So, when I share my story, I’m often asked what I would want to tell parents or would want them to know. And that’s what this section covers. I’m sorry my story has been so long and had so many parts, but I am very thankful for anyone who has taken the time to read it for the sake of their Deaf child. And I hope that people have taken away positive lessons that will enable them to make life better for their children.
As I said before, I’m not saying to eschew technology or oralist methods entirely. They can coexist alongside ASL and Deafness. All I want is for parents to admit that sometimes that hope, that optimism, can blind them. To take a step back and re-enter reality. And my ultimate desire would be for parents to nurture the Deaf side of things and give that priority over the hearing side of things. To use the Deaf yardstick I mentioned in my last post more than the hearing one.
I want parents to listen to their children, with their hearts and minds. To truly consider what’s really worth their child’s time and energy and emotional investment from their child’s perspective as a Deaf person – which Deaf adults can clue you in on. To not force technology and oral methods on their children if they don’t want it. To understand that it’s OK, sometimes even best, if technology and oralism take a back seat to ASL and Deafness at the child’s behest.
I want parents to understand that sometimes there are better things in life to spend that time and energy on when you already have a fully accessible language and culture in ASL Deafness. That sometimes, tech and oralism are not worth the cost to their children, even if it’s worth it to the parents. That what’s worth it to the children is more important, because it’s their life and they have to live it, not their parents.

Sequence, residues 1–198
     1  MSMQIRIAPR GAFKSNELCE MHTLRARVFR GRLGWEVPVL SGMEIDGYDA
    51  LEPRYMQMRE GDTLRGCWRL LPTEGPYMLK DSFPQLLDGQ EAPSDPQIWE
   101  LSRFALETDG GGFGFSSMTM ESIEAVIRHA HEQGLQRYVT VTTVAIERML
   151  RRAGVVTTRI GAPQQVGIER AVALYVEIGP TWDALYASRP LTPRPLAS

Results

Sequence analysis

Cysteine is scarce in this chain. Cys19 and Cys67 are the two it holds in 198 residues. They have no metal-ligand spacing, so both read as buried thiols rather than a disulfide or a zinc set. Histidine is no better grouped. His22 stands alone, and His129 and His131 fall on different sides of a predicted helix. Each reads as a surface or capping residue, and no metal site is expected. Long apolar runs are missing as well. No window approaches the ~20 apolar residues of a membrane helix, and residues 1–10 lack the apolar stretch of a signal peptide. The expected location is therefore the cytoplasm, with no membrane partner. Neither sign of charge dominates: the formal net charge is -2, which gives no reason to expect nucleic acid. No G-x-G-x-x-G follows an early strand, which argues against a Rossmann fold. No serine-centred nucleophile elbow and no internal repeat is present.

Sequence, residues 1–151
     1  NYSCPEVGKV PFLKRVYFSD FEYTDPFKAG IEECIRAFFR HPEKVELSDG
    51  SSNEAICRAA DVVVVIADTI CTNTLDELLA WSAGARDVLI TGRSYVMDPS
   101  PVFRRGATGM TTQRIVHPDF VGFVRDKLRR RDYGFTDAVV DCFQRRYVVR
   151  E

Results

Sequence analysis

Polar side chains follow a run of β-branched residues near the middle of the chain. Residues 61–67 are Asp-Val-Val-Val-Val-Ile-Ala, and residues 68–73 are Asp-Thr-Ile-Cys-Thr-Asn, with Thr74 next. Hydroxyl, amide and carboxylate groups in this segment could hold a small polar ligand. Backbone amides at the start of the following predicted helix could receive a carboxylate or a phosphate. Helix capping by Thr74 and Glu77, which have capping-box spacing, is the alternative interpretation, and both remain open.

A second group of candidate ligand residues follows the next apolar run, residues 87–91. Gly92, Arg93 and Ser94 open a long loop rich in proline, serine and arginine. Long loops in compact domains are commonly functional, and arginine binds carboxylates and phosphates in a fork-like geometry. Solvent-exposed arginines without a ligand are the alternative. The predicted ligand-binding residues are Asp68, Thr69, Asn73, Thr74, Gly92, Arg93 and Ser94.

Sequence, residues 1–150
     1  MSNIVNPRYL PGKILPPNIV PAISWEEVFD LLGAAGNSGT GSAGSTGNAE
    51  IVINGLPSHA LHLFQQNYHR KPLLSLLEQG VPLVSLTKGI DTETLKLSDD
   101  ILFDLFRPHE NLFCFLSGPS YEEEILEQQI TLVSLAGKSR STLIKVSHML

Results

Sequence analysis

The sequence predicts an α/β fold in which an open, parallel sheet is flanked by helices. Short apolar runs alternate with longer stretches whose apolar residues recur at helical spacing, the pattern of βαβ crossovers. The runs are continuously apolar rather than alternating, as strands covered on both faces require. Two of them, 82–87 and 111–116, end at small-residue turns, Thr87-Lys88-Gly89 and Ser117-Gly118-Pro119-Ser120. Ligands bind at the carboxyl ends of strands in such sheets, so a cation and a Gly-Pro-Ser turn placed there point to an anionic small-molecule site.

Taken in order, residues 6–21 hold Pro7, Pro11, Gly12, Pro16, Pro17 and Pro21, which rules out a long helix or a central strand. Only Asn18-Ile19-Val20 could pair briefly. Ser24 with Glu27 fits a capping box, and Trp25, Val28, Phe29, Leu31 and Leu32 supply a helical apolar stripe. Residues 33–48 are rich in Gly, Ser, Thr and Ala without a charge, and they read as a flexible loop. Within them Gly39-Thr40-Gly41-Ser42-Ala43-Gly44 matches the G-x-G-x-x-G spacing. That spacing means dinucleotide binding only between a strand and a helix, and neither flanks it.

I want parents to provide their children with an environment in which they grow up with the knowledge of ASL and the Deaf world, and what it has to offer to them, that it is their legacy and the one place they will always belong and have access in. That, as much as parents may not want to admit it – their children do not need technology and difficult oral methods in order to find that belonging and acceptance, and more importantly that children should not feel as though they do.
I want parents to understand that the burden of communication should fall upon the hearing family members – not the Deaf person. That the family should bend around the Deaf person, rather than expecting the Deaf person to bend around many different family members. That sharing that burden makes it lighter for everyone, instead of the Deaf loved one carrying the whole burden alone.
I want parents to understand that a Deaf child finding family in others too is not a threat, but a beautiful expansion. There is room in every Deaf person’s heart for their hearing family and their Deaf family. Especially when the hearing family makes an effort to become a part of the Deaf person’s world rather than expecting them to become a part of the hearing world.
I want parents to really ask themselves what investing time and energy into will truly benefit their Deaf loved one: giving them THEIR world and joining them in it, or trying to make them fit in YOUR when they never fully will? Is that hour of speech or auditory therapy really, truly worth it long term for your child, or would your child get far more meaningful interaction from spending that hour playing an ASL game with them and bonding with them in a way that is 100% accessible to them?
Thank you reading what I’ve shared from my heart.